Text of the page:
Newport, Oregon – The Oregon Coast Aquarium admitted a severely injured and hypothermic olive ridley sea turtle this morning for care.
Civilians found the turtle the afternoon of December 12th while walking near Horsefall Beach in North Bend, Coos Bay. Pictures and a video of the sea turtle were posted in a Facebook group, “What’s Happening Coos Bay.” Unfortunately, due to the rising tide and dangerously large surf, the turtle was not able to be retrieved before washing back out to sea.
A good Samaritan, Misty White, saw the post on Facebook and a comment linking to the Aquarium’s sea turtle rehabilitation program. “I didn’t think the sea turtle would make it through another high tide,” she explained. “And if the Aquarium could rescue it, then all I had to do was find it.”
White gathered her family to search for the missing sea turtle on the beach after dark during low tide. At 9:52 p.m., the Aquarium received a picture of the turtle via Facebook message: “I found the turtle on the beach and called State Police.”
In the late-night hours that followed, White assisted in transporting the sea turtle to the Horsefall Beach parking lot, where it was picked up by State Trooper, Josh Mullins. Mullins brought the turtle to a nearby state police office until early this morning, when Aquarium staff traveled south to Reedsport to retrieve the reptile.
Upon pickup, Oregon Coast Aquarium Curator of Fish and Invertebrates, Evonne Mochon-Collura reported extreme injuries sustained by the turtle, with external bleeding and broken scutes on its carapace and plastron, or top and bottom of shell, respectively. Its body temperature measured 46° F, which is about 30° lower than the healthy, standard temperature of a sea turtle. Staff are currently evaluating the turtle’s condition, administering fluids, taking X-Rays and performing a blood draw.
Oftentimes in cases of extreme cold-stun and injury, the animal is compromised beyond repair. Cold-blooded reptiles like sea turtles are slow to get sick and slow to recover. While the prognosis is uncertain at this time, if a sea turtle is left in the ocean or on the beach, it will die without question. “Thank you to Misty for finding the turtle and making the call to Oregon State Police,” said Mochon-Collura. “If there is even a slight chance of rehabilitation, the Oregon Coast Aquarium will give it our best shot.”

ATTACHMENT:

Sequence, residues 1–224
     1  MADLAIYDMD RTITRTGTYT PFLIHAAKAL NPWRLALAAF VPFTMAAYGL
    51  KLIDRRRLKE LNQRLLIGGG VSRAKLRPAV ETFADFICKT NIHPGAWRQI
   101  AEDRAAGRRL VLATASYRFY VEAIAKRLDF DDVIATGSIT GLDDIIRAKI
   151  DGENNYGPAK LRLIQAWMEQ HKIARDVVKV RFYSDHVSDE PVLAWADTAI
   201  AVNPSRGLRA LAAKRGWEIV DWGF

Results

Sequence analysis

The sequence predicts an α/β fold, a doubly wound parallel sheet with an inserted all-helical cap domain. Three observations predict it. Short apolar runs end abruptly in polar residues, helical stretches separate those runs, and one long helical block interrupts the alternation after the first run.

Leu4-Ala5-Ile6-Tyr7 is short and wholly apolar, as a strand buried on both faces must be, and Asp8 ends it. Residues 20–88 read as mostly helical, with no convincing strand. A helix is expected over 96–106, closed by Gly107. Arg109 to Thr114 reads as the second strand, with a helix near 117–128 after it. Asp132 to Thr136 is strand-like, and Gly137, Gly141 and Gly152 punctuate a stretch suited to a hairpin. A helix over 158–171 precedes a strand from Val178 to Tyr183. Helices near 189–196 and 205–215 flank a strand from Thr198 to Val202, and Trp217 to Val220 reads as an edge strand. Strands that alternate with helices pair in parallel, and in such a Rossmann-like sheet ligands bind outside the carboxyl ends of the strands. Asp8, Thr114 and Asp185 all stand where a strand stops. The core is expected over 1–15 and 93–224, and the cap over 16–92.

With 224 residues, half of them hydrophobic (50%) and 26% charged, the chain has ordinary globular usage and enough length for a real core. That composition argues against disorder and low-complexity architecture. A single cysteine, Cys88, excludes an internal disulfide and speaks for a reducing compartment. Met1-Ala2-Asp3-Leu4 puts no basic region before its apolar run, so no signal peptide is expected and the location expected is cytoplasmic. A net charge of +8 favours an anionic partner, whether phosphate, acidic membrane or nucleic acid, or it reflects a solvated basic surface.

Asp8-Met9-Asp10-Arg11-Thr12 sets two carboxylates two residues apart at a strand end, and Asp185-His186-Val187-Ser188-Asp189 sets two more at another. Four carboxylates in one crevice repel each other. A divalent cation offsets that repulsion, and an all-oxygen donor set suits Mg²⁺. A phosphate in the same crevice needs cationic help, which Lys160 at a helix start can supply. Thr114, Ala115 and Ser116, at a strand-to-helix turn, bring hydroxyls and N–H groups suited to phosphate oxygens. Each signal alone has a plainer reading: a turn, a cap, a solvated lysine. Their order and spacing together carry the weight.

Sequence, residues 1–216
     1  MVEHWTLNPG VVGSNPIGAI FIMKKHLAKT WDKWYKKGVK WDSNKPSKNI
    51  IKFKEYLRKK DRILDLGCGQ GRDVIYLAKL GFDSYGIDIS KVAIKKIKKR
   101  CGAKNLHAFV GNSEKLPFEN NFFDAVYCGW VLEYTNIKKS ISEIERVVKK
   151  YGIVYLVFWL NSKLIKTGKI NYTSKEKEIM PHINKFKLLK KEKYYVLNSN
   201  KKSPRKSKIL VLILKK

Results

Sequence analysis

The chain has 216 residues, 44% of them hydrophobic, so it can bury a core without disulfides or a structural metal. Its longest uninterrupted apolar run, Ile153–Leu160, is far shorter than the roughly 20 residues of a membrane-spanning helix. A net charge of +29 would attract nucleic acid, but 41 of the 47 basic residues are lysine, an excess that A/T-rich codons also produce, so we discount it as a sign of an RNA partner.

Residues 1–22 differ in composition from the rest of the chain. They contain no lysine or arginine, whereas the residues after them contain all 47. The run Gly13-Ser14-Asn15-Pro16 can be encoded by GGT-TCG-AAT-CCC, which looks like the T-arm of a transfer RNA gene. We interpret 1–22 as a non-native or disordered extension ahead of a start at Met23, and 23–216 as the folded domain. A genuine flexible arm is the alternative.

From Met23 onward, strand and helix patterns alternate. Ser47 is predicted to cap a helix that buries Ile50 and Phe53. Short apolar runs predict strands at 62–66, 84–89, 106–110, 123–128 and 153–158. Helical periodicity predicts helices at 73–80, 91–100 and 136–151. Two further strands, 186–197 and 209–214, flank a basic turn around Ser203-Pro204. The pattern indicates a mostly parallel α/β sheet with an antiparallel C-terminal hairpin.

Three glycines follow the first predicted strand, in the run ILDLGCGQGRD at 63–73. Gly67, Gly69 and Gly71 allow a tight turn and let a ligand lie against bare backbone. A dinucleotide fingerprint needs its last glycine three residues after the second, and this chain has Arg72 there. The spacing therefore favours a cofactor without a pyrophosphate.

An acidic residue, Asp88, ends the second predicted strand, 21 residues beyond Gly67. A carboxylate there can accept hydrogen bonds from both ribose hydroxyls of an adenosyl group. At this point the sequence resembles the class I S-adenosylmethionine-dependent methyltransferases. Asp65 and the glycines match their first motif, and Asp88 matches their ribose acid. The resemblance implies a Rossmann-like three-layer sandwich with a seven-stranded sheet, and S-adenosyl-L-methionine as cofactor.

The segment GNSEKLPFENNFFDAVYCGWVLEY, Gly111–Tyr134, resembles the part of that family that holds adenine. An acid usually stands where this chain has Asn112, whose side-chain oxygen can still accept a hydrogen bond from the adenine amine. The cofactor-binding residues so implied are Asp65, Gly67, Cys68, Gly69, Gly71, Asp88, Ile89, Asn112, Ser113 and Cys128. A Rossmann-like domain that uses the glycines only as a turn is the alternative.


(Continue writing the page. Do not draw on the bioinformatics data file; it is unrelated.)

The Oregon Coast Aquarium is the only rehabilitation facility in Oregon authorized to rehabilitate sea turtles. Partnership with other organizations, like the U.S. Fish and Wildlife Service, Oregon State Police, Seattle Aquarium and SeaWorld, is essential to the successful rehabilitation and release of these endangered species. To donate to sea turtle rehabilitation at the Oregon Coast Aquarium, please visit www.aquarium.org/give.
Sea turtles are not found on Oregon or Washington beaches unless stranded. The Aquarium typically sees these extremely sick turtles in the winter, possibly due to the cold water temperatures, changing currents, and high frequency of harsh storms that wash the hypothermic turtles ashore. If you find a sea turtle on the beach, immediately note its location, remain nearby to observe it, and contact the Oregon State Police Tipline at 800-452-7888 or the Marine Mammal Stranding Network in Oregon, Washington, and California at 1-866-767-6114.
The Aquarium is open every day from 10:00 a.m. to 5:00 p.m. For more information visit aquarium.org or call (541) 867-3474.
The Oregon Coast Aquarium creates unique and engaging experiences that connect you to the Oregon Coast and inspire ocean conservation. An accredited Association of Zoos & Aquariums institution, this 501(c)3 non-profit organization is ranked as one of the top 10 aquariums in the U.S. Visit us at 2820 S.E. Ferry Slip Rd., Newport, OR. www.aquarium.org, 541-867-3474. Follow us on Facebook.com/OregonCoastAquarium, or Twitter.com/OrCoastAquarium for the latest updates.